What is morality?

“The justification of capitalism is that it is the system which implements a scientific code of morality; i.e., which recognizes man’s metaphysical nature and needs; i.e., which is based on reason and reality. ” — LEONARD PEIKOFF

Morality is a code of values that an individual must choose to follow to live one’s life on earth.

Why does an individual need a moral code?

“The purpose of morality is to teach you, not to suffer and die, but to enjoy yourself and live.” — Galt’s Speech, in Ayn Rand’s Atlas Shrugged

Individuals need a moral code as knowledge for human beings on how to survive, unlike the other animals, is not automatic.

Unlike other organisms — bacteria, elephants or apes which act by instinct — humans beings have no automatic knowledge and must discover the principles needed to survive.

Those principles are the area of study of the science of morality.

What is a value?

A value is that for which one acts to gain and keep to sustain one’s life.

What is the purpose of morality?

The preservation and flourishing of one’s own life, in reality, is the purpose of morality.

“The purpose of morality is to teach you, not to suffer and die, but to enjoy yourself and live.” — Galt’s Speech, in Ayn Rand’s Atlas Shrugged

What is a virtue?

Virtue(s) are the actions necessary to sustain one’s life and achieve happiness; i.e., one’s method of obtaining values.

What is the fundamental virtue?

The fundamental virtue is rationality as reason is an individual’s means of survival. All other virtues (productivity, integrity, etc.) are applications/corollaries of this fundamental principle.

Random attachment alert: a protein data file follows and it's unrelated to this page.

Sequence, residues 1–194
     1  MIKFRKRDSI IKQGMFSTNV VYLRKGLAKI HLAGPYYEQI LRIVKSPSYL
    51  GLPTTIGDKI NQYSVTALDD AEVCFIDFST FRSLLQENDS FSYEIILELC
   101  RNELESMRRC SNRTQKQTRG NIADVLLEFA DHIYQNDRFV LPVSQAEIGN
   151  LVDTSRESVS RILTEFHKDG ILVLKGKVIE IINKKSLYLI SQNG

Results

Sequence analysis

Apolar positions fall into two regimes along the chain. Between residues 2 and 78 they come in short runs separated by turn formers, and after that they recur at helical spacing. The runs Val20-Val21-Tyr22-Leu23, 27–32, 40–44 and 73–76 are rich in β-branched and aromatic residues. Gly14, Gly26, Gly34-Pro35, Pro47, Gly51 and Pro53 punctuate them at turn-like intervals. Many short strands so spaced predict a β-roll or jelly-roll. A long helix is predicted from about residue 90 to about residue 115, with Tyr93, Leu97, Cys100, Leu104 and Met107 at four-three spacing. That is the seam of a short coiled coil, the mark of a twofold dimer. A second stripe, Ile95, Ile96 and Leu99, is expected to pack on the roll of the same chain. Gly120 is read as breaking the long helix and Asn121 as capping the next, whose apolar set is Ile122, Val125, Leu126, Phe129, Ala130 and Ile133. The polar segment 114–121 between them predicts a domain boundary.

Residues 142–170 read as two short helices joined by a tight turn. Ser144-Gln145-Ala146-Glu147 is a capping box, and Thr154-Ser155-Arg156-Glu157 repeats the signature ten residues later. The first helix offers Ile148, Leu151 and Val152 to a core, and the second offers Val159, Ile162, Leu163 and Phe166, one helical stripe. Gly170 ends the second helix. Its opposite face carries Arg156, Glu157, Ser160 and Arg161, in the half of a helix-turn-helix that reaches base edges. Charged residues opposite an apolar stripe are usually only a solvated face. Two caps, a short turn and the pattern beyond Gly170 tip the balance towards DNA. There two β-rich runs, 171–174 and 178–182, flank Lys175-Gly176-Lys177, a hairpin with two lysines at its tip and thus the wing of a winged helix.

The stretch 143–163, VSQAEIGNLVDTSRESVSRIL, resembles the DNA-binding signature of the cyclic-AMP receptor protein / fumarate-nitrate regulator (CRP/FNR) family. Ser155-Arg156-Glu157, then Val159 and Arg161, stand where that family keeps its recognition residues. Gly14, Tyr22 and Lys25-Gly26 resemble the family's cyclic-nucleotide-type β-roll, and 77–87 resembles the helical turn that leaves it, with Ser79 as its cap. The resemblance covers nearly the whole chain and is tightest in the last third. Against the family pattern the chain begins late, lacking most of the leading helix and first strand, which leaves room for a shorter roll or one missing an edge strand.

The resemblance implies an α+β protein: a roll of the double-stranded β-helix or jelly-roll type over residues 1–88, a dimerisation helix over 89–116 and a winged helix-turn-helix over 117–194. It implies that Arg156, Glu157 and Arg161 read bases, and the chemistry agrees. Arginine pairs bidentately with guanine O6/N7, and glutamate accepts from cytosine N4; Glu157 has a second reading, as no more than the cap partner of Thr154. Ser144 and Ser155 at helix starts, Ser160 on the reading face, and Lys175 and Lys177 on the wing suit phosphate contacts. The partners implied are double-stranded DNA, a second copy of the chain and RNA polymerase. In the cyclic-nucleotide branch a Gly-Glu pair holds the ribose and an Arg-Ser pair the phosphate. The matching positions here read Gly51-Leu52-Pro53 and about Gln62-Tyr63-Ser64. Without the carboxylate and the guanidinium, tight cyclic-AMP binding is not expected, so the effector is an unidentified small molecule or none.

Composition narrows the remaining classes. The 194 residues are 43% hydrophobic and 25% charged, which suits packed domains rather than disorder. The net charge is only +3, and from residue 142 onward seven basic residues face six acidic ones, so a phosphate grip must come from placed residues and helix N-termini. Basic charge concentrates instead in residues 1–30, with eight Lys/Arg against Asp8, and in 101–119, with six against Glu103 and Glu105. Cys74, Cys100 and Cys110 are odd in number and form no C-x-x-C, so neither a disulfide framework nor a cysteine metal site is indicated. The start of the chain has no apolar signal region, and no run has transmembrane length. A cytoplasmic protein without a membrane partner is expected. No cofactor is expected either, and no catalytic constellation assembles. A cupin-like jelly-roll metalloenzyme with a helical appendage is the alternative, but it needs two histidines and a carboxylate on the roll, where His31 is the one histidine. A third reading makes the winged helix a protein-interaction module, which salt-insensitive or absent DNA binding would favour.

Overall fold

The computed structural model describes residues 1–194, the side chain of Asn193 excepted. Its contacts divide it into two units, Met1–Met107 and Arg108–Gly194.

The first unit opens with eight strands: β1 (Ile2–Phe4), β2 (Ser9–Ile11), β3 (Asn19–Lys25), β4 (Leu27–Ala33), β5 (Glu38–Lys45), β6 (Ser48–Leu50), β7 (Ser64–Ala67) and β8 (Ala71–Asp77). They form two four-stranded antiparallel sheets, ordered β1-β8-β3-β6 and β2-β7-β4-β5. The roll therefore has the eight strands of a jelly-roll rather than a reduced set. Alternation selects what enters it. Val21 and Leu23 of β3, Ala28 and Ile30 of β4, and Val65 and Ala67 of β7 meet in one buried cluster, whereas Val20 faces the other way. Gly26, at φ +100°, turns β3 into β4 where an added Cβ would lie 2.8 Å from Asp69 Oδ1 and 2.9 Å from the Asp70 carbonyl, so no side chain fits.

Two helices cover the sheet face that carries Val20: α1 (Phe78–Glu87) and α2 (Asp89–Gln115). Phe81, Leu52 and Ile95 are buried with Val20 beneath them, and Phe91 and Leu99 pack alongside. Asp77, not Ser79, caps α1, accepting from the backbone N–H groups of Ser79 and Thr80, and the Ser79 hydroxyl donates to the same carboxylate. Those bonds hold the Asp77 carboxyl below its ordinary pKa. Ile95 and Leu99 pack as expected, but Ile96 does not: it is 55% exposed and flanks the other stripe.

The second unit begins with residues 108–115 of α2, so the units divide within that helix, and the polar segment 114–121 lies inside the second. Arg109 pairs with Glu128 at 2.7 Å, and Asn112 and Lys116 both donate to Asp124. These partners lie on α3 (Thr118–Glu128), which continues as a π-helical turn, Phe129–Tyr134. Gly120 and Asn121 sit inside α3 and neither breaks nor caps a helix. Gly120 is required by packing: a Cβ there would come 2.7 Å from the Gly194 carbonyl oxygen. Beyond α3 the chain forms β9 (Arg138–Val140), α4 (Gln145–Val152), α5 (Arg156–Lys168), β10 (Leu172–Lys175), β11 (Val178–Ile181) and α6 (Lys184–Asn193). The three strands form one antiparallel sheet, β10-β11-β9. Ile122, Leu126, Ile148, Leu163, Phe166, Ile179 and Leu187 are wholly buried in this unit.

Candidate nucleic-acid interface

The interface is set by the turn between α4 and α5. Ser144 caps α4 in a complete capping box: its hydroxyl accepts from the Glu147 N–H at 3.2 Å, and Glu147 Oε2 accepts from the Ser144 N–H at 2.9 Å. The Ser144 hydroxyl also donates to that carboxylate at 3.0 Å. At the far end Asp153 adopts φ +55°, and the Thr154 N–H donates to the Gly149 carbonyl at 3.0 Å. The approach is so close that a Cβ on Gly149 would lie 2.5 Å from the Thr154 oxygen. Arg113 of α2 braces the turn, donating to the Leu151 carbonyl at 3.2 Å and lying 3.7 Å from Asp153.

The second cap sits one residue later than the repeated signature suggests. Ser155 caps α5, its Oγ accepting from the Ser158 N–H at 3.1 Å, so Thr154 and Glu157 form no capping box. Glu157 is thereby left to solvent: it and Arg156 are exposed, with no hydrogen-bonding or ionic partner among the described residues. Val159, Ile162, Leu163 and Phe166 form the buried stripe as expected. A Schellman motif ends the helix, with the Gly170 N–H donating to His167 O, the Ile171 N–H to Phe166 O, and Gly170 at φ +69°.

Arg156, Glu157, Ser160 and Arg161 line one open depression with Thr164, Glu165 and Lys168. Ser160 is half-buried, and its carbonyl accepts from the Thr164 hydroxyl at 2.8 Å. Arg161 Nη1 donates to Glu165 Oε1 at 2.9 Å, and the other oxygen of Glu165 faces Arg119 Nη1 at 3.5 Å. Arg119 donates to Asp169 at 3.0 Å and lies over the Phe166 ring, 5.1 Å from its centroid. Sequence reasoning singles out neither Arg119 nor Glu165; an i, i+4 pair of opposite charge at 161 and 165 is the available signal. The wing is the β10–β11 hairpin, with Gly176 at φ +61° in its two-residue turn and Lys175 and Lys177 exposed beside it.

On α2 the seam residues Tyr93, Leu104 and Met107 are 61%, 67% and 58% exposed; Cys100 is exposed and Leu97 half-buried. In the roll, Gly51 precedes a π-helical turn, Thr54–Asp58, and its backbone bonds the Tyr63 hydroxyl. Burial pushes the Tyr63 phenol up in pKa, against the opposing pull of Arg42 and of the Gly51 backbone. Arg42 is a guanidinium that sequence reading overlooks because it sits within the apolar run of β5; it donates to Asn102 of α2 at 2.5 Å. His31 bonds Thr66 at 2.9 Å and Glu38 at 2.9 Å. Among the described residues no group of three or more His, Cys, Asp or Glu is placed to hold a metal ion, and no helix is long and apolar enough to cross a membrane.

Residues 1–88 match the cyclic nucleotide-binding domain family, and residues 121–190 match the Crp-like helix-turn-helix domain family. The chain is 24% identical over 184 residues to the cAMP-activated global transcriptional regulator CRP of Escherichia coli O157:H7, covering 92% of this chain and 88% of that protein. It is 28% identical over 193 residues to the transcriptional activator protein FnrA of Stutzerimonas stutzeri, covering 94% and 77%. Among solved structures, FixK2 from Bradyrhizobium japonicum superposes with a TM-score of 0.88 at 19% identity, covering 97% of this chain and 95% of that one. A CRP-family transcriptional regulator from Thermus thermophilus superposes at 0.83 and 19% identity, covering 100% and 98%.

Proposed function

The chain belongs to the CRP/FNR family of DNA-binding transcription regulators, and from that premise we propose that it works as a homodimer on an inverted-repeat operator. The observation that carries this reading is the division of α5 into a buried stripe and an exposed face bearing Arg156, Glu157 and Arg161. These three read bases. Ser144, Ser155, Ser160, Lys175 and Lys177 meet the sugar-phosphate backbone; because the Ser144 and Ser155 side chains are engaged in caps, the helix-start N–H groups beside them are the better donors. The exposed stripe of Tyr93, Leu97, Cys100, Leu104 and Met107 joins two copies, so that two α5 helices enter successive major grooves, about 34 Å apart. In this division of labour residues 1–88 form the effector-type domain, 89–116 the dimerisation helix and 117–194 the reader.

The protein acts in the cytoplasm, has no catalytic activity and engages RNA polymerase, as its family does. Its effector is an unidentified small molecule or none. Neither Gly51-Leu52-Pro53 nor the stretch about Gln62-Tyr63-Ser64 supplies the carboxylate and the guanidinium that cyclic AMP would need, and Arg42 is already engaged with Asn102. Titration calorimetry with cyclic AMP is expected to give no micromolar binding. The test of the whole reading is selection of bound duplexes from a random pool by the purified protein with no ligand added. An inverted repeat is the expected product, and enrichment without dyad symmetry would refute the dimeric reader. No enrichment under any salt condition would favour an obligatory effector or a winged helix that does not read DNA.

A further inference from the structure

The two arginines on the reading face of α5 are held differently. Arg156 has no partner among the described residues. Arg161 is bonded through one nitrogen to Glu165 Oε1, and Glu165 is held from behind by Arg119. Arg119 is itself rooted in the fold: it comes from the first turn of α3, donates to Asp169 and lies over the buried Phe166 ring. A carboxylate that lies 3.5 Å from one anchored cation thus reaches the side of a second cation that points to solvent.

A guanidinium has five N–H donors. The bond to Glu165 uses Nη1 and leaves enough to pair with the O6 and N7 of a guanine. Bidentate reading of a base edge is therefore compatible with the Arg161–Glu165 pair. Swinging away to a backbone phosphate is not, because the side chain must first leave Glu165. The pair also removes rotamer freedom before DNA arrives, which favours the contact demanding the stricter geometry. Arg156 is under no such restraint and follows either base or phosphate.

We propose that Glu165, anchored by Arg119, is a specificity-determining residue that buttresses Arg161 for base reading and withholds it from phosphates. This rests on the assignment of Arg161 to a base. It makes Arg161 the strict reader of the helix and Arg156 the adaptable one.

What is ethics?

As used here, ethics are those rules of behavior in relating to other individuals; ethics is individual morality applied to living life in society.

What is egoism?

To hold one’s life as the highest value is to be egoistic (that is self-interested, and self-ish).

What is altruism?

To hold the lives of others as more important than one’s own life is to be altruistic (otherism) and unself-ish.

Isn’t egoism (being self-interested, selfish) evil?

To quote the philosopher Ayn Rand from her Introduction to her revolutionary book “The Virtue of Selfishness”:

“The meaning ascribed in popular usage to the word ‘selfishness’ is not merely wrong: it represents a devastating intellectual ‘package-deal,’ which is responsible, more than any other single factor, for the arrested moral development of mankind.

“In popular usage, the word ‘selfishness’ is a synonym of evil; the image it conjures is of a murderous brute who tramples over piles of corpses to achieve his own ends, who cares for no living being and pursues nothing but the gratification of the mindless whims of any immediate moment.

“Yet the exact meaning and dictionary definition of the word ‘selfishness’ is: concern with one’s own interests.